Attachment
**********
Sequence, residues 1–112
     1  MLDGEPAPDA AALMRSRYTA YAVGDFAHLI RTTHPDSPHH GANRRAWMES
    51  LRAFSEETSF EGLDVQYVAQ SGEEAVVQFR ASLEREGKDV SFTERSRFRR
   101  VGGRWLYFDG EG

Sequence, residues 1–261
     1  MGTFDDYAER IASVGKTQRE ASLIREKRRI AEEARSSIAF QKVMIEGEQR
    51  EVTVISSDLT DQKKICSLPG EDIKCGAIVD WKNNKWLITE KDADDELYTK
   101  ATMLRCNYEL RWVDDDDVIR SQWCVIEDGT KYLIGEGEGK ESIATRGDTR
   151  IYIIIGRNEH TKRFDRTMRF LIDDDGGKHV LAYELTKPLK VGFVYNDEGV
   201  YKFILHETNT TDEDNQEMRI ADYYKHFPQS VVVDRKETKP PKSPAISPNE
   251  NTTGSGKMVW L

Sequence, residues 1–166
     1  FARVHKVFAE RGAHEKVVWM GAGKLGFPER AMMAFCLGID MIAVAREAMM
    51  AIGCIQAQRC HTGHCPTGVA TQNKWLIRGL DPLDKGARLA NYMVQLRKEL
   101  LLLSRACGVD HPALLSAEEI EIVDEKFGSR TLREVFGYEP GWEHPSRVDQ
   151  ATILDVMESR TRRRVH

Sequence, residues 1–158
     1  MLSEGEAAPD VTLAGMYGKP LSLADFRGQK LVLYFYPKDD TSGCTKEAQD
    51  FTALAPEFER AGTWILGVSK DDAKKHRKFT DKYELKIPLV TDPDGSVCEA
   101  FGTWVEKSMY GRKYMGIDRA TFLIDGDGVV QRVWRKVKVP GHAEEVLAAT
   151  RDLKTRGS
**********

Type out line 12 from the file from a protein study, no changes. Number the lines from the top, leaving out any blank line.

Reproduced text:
Sequence, residues 1–166